Alessandro was quite shy, so he found it difficult to explain how he was feeling during the worst months, when his TB was active. After this phase he was much happier, and we started teaching him in the hospital to stop him falling behind at school, as he missed 9 months of classes while he was in hospital. During this time, he wrote a lovely letter about his experience and his relationship with his doctors and nurses.
Alessandro's case is quite interesting as he and his family are from Italy, a non-endemic country, with no history of foreign travel. His father was negative for TB, but his mother and siblings had latent TB.
The lesson to be learned here is that each time we have respiratory infections not responsive to standard treatment and with persistent symptoms we should first rule out the possibility of having TB. Treatment for TB can be 6 or 9 months, or even longer if necessary, so it is very important to point out to people newly diagnosed with TB and their families that they need to complete treatment in order to avoid complications and drug resistance. After diagnosis, it is vital to be seen regularly and monitored by a doctor over a long period during treatment.
One of the challenges of treating children with TB is the availability of off-label drugs, due to their age. Furthermore, there are very few drugs available in syrup form for children that are not able to swallow pills. Another problem is that certain drugs are not available in each country, so we need adequate importation procedures that will not take too long, especially during holiday periods. For example, when we were treating Alessandro, there was an instance when his drugs had not been imported from the UK to Italy on time.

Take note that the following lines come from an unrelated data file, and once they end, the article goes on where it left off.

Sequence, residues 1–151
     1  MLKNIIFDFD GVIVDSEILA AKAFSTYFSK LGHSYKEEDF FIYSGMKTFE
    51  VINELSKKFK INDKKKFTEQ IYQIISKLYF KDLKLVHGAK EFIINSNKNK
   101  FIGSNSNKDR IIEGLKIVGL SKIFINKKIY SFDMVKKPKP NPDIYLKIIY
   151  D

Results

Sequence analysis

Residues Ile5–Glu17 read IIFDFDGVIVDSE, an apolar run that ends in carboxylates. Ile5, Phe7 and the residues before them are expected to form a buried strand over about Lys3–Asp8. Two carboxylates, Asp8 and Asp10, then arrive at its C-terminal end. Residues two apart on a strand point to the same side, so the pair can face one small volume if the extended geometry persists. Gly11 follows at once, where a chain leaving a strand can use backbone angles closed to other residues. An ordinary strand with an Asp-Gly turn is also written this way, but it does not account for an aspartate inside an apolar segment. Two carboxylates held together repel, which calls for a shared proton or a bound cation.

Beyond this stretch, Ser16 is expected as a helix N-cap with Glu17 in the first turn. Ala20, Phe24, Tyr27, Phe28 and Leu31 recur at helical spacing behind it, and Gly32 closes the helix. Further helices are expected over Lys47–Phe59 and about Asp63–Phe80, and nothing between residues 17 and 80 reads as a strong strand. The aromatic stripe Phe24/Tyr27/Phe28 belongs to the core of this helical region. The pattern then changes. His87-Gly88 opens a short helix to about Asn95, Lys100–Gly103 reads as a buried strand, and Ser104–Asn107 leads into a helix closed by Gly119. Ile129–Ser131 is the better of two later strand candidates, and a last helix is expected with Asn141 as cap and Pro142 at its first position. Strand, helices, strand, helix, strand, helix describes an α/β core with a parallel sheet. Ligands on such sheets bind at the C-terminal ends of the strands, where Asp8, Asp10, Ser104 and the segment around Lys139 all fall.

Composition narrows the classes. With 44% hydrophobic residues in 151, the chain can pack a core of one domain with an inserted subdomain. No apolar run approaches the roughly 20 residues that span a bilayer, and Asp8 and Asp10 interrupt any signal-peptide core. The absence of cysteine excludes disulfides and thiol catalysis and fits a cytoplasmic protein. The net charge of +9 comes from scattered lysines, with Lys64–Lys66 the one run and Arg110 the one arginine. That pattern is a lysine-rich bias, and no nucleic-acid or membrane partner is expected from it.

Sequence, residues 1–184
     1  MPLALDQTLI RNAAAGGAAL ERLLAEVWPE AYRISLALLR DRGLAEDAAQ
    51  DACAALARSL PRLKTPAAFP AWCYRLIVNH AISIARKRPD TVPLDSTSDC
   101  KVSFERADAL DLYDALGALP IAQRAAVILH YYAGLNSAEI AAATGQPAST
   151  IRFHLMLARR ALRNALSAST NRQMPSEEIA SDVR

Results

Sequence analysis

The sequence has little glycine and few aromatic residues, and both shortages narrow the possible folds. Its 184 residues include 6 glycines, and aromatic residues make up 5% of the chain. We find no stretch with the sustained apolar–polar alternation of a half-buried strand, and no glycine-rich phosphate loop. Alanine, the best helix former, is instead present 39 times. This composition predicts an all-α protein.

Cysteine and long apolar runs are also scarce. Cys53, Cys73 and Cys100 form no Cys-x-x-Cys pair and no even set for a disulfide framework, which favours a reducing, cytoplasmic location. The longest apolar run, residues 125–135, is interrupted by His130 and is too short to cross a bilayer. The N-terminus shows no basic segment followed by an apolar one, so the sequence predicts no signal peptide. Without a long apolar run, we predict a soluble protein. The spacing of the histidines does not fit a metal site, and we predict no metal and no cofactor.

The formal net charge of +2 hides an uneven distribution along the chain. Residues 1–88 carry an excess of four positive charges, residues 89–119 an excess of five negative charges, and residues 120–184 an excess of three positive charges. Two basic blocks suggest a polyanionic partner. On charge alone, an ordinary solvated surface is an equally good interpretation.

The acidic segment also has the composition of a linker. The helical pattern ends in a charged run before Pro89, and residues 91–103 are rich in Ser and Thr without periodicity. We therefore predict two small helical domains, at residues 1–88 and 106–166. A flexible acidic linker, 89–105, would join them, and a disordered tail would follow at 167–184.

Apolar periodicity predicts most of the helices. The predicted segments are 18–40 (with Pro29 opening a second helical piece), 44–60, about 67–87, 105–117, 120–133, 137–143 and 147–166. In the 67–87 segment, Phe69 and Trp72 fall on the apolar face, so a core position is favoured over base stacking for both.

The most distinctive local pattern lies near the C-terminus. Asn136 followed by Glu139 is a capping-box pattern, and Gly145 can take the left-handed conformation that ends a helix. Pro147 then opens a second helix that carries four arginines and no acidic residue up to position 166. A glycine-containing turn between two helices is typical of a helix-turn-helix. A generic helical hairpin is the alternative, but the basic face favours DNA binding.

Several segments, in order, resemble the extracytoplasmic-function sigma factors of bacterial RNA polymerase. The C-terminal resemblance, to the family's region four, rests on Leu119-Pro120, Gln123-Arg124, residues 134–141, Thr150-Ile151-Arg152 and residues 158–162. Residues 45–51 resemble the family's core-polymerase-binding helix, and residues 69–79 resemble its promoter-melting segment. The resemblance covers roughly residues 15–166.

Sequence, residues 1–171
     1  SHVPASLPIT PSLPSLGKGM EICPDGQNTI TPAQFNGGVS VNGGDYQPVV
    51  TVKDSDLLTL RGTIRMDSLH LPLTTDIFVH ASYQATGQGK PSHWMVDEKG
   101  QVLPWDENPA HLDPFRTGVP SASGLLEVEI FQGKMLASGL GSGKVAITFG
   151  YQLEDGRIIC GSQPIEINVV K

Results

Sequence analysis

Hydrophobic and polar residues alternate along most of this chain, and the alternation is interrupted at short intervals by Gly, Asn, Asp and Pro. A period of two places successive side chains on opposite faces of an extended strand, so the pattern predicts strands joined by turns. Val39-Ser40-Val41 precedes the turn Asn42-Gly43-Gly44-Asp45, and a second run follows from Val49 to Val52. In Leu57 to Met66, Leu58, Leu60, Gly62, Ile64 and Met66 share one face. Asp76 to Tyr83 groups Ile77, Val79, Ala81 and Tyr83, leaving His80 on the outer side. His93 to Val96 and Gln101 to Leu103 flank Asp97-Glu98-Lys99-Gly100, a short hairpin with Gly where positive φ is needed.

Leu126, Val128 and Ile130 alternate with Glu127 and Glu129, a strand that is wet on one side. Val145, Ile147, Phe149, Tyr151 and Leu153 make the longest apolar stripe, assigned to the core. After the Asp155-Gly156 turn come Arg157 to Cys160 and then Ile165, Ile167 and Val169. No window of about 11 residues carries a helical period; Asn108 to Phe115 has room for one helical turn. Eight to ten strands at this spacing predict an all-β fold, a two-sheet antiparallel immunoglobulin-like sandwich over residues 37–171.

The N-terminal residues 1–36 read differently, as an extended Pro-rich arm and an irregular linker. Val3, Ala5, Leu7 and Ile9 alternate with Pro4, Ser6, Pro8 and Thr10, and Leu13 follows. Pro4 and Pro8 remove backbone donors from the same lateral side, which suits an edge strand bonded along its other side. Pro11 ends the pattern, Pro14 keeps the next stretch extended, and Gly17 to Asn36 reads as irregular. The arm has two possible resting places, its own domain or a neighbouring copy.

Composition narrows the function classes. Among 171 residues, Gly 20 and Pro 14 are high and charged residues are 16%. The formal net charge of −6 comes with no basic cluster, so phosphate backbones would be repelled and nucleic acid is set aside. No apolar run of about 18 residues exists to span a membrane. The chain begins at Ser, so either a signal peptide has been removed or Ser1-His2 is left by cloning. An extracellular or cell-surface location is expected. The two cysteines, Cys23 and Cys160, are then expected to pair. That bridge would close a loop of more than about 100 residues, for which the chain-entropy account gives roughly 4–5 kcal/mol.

My hope is that the diagnosis of TB will improve, especially in paediatrics, and that tests can be available in a few hours. I hope that, with new drugs and early diagnosis, we can try to avoid the complications that we had with Alessandro.
For more information on the ERS/WHO TB Consilium, please visit www.tbconsilium.org
- ©ERS 2015